Some people think that they are a ticking time bomb when it comes to cancer, but it turns out that genetics only play a small role in contracting the disease — a 2008 review determined that only five to ten percent of all cancers, including breast cancer, are related to genetics. For those who do have the genetic tendency towards breast cancer, those genes translate in up to an 80 percent risk of contracting the disease during their lifetimes.
But going beyond genetics, the study also reported that “evidence indicates that of all cancer-related deaths, almost 25–30 percent are due to tobacco, as many as 30–35 percent are linked to diet, about 15–20 percent are due to infections, and the remaining percentage are due to other factors like radiation, stress, physical activity, environmental pollutants, etc.”
This shows that there are some things we can do to lower our chances of getting cancer, breast or otherwise: don’t smoke, eat healthy, relax, stay away from toxic chemicals and exercise. But also, get enough sleep.
The connection between exercise, sleep, and breast cancer
An interesting study presented at the 2008 Annual International Conference on Frontiers in Cancer Prevention Research suggested that regular exercise can decrease a woman’s risk of cancer — if she gets enough sleep, that is.
According to Dr. James McClain, “Greater participation in physical activity has consistently been associated with reduced risk of cancer incidence at several sites, including breast and colon cancers.” However, “short duration sleep appears to have opposing effects of physical activity on several key hormonal and metabolic parameters, which is why we looked at how it affected the exercise/cancer risk relationship.”
Exactly how exercise helps prevent cancer isn’t known, but it is surmised to be due to a number of factors, including helping to maintain a healthy body weight, boosting your immune function, and stabilizing hormone levels.
In this study, almost six thousand adult women of varying ages with no history of cancer were followed for nearly a decade. Those in the top half of physical activity energy expenditure (PAEE, which essentially means number of calories burned) showed a significantly lower risk of overall cancer and breast cancer. However, a link was found between amount of sleep and cancer risk as well.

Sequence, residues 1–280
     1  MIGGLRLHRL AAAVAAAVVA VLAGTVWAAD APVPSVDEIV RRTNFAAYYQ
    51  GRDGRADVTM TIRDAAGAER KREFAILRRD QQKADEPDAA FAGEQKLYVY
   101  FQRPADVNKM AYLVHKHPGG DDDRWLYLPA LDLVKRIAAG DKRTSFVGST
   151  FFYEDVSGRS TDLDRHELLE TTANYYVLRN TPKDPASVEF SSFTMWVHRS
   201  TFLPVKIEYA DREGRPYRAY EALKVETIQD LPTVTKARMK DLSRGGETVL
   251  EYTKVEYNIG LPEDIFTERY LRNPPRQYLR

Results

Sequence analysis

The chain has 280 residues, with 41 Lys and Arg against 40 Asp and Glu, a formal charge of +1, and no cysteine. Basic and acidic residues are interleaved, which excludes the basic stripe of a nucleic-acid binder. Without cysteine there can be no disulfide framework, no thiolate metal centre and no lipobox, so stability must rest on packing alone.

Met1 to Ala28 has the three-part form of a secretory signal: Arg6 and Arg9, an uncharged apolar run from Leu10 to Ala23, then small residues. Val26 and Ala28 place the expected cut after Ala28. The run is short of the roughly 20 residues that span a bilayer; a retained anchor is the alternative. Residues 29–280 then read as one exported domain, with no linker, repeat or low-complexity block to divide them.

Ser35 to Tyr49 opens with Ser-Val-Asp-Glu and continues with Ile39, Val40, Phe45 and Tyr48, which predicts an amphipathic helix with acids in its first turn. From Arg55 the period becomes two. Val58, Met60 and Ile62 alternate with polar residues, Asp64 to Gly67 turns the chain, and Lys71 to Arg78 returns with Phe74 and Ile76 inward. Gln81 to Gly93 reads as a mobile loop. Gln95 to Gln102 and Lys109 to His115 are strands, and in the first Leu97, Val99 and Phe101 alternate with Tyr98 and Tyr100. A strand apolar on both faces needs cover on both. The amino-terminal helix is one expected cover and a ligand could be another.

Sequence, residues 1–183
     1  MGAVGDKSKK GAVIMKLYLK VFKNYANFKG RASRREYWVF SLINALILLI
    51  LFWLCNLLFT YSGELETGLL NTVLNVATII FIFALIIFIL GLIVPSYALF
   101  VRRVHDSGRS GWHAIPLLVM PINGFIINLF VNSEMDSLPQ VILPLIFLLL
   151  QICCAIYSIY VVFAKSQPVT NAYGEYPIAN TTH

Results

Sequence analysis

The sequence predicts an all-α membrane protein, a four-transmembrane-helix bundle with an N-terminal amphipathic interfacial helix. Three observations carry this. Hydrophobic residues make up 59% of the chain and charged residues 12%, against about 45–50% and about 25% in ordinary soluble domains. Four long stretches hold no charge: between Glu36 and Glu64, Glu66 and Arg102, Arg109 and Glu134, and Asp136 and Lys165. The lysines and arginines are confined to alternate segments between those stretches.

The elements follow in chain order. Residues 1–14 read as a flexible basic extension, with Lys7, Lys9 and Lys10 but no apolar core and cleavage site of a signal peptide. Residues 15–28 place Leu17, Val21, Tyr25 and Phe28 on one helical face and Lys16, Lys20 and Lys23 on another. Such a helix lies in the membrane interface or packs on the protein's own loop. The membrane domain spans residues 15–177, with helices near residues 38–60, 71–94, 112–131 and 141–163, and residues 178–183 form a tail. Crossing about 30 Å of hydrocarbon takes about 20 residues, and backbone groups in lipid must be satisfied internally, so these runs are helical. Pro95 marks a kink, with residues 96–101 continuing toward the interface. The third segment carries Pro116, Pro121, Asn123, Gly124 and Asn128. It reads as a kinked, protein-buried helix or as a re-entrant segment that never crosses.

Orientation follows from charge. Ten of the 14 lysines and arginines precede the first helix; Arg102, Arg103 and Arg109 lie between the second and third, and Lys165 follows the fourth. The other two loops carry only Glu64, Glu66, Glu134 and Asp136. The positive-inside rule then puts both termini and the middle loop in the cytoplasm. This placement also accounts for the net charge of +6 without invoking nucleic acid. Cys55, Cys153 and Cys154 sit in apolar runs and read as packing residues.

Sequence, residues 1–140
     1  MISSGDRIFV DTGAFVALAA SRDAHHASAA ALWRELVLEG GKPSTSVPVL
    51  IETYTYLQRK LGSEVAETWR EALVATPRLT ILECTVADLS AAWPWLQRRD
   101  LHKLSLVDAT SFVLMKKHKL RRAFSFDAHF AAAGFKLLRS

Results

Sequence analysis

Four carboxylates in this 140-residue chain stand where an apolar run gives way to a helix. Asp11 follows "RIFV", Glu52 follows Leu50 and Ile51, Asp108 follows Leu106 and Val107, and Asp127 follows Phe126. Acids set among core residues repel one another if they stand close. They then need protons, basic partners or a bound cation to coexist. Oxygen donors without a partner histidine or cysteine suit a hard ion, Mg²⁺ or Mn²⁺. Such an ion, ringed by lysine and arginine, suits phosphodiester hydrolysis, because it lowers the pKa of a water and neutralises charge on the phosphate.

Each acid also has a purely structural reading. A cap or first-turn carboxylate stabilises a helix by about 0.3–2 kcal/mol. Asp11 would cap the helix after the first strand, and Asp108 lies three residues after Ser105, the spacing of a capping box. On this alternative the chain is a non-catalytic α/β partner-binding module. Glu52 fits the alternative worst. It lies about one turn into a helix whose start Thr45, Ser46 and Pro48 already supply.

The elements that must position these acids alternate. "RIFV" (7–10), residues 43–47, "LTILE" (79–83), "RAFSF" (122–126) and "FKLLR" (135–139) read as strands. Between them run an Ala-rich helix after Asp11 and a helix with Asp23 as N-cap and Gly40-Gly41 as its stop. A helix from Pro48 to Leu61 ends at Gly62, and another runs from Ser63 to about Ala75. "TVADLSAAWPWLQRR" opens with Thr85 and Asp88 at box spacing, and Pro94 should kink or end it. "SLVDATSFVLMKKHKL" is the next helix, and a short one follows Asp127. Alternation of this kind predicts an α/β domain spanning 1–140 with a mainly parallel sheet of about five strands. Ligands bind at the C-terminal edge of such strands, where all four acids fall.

Even for those who were in the top half of PAEE, if they averaged less than seven hours of sleep a night then much of the protective effects of regular exercise were wiped out.
What could exercise mean for breast cancer prevention?
As for breast cancer specifically, a study of several thousand women from 2007 showed that women who did six or more hours per week of strenuous exercise reduced their risk of invasive breast cancer by about 23 percent compared to inactive women.
And it’s never too late to start. The breast cancer study reported, “A woman’s hormone levels naturally fluctuate throughout her life, and we have found that exercise likely offers protection against breast cancer regardless of a woman’s stage in life.”
These studies just looked at the direct relationships of exercise and cancer prevention, but there are other, indirect relationships. For example, exercise is a proven gateway behaviour to other positive health changes, such as quitting smoking, improving diet and yes, even better sleep habits.
Beyond cancer prevention, there are many reasons to become a regular exerciser. Yes, you can achieve certain vanity goals, but there are myriad other health benefits such as reduced stress, improved cognitive function, and even having fun.
Helping to prevent breast cancer is one more of those awesome things exercise can do for you. It’s not too late to embrace the awesome.
James S. Fell, MBA, is a certified strength and conditioning specialist in Calgary, AB. He writes the column “In-Your-Face Fitness” for the Los Angeles Times and consults with clients on strategic planning for fitness and health. Get a free metabolism report at Body For Wife.